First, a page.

Great Days.

    1. I knew Dave Weekes. I think the chubby guy you’re referring to was my mate Mickey Colby who was indeed a very good dancer. In fact I was so pleased when one day he casually remarked to another mate of mine when I was dancing at the Ilford Palais that “Atkins is bad is he”. High praise from the master. I too used to go to Barry’s and confirm that it was noted for the best dancers.

    2. Mickey Colby’s comment should read “Atkins isn’t bad is he”

  16. Used to work playing music at the 2 puddings downstairs. Went upstairs after to dance. My friend and I then used to get a lift to the lotus and work as bar staff table service till late. Was brilliant time and was sometimes little fights but nothing like nowadays! Loved the music atmosphere everything! Had food when we finished with what was left in kitchen after we closed. Can’t remember how we got home???! Kenny was a good employer and Eddie was lovely. Remember having to play rod Stewart Maggie May when it was released as kenny knew him and was good as it was such a long track could run to loo and get back b4 it finished. Great memories. Gill

  17. I’m Vic Johnson .. no relation , as a young lad li was always attending The Lotus and The Uppercut saw some amazing bands at both gigs , I was always disparate to join a band myself, eventually I joined a band Stacy’s Circle and I phoned Kenny if he could give us any gigs !! To my amazement he offered us a support to The Small Faces at East Ham Town Hall , what an amazing time that was the , Stevie invited us to a Party afterwards, we got an invite to support them again , that’s where I met a good friend of Kenny’s Ted Lemon who decided to manage us .. he fixed us up to go to The Top Ten in Hamburg we did well there and managed to stay for 4 months when we came home he sent us to France ! Another fantastic time playing there we drove the in Sean Buckley’s van because ours broke down . I’m still in touch with the remaining members of that band that became Story !! Kev Sheehan guitar Dave Simmons drums, Roy Skinner who now lives in Australia.. fabulous times and memories 🤘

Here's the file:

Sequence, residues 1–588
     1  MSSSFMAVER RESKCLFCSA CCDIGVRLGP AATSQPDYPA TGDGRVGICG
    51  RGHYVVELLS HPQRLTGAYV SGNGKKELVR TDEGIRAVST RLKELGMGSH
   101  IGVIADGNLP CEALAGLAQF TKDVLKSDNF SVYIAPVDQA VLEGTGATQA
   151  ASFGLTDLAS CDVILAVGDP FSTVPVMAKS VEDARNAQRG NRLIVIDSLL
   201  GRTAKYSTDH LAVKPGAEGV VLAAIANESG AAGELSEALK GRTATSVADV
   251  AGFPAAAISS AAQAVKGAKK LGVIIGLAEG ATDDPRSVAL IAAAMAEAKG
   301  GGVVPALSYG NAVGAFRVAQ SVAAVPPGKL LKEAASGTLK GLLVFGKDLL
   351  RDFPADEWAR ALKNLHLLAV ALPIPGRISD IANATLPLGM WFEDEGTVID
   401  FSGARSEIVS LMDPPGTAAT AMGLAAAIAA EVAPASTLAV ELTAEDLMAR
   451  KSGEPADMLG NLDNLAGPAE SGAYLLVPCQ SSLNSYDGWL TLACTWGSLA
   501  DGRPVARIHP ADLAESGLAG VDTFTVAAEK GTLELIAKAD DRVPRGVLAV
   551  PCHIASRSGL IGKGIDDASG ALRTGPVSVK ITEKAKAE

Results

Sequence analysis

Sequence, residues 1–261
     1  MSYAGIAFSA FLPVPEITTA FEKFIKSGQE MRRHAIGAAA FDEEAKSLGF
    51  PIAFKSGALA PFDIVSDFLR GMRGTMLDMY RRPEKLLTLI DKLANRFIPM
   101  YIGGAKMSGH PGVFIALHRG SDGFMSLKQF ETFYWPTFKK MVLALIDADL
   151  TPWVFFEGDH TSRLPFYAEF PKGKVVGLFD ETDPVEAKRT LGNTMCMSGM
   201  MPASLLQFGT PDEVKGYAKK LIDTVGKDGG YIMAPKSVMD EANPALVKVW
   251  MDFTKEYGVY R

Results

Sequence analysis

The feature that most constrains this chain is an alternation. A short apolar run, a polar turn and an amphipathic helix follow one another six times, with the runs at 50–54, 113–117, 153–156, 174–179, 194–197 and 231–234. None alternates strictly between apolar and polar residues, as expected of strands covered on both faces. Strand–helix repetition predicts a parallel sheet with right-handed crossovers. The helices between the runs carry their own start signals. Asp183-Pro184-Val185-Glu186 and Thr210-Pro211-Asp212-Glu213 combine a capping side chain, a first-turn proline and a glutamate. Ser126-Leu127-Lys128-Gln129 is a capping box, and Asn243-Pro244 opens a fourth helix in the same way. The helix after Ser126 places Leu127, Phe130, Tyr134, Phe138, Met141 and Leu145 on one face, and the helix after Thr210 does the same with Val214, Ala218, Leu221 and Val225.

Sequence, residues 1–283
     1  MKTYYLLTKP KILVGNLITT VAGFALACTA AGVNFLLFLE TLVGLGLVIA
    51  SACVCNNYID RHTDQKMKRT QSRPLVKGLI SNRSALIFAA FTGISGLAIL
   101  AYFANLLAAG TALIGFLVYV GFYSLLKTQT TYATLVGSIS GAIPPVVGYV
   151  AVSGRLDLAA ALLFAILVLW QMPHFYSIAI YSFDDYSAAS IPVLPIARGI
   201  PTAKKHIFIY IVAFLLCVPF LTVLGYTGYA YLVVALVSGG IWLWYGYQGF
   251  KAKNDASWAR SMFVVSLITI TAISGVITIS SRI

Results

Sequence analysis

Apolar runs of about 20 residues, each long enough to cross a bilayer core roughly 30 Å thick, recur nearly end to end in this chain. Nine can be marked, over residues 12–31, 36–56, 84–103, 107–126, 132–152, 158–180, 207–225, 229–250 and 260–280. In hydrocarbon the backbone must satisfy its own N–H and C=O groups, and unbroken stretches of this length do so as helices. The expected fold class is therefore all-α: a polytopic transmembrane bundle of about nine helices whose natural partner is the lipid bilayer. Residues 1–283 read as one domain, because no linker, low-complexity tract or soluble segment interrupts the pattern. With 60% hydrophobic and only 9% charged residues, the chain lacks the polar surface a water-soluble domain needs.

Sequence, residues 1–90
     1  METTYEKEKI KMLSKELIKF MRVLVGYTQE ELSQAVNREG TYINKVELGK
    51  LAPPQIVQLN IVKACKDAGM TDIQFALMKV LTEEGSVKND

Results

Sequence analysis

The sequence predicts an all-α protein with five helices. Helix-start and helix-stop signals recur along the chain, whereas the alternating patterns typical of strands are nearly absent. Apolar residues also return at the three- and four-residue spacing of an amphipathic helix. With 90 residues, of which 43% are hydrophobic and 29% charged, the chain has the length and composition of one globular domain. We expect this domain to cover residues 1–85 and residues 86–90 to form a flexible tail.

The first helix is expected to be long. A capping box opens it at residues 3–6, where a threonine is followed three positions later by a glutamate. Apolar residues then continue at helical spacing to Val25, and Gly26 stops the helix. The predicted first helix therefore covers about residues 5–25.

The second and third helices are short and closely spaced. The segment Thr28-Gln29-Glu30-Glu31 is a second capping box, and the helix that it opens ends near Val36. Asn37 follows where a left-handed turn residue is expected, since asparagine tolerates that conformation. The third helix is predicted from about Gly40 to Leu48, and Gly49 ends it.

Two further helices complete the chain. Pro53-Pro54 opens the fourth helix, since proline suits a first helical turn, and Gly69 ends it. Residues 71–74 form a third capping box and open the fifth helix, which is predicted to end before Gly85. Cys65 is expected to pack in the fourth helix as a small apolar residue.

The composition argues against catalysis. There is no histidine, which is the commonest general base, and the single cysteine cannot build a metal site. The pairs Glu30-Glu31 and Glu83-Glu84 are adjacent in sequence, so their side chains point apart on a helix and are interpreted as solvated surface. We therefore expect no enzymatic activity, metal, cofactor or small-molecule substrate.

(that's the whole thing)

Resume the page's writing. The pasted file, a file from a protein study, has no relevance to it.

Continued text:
18. My dad was Jack Palmer who was the Manager of The Trend a band who gigged at the Lotus in the 1960's and he knew Kenny very well. In fact my dad met my Mum here, I believe when it was the Lotus Ballroom. A really interesting article to read. Hi Kenny, hope you are well !

  19. My friend georgina and I were always in lotus an uppercut brilliant memories thanks to all for the fun cheers Julie

  20. I remember Kenny and his wife really well from the late 60s to the 70s. I was married to Alan Page whose Uncle Brian worked at the Lotus. We often socialised with Kenny I am sure he had a restaurant called Bunters I think at Woodford and did he own a Chinese next to the Palais? Could be wrong such a long time ago. I loved the music at the Lotus great for
    dancing and at the end of the evening there would be a long table of us sitting eating with Kenny and his wife.

  21. Sorry just remembered Kenny's wife whose name unfortunately I can't remember but I remember being at the Lotus one evening and she had plaster on her arm having broken it. I asked her how she had done it and I think she said roller skating! Priceless I remember laughing but in a good way so amazing she had been doing that brilliant!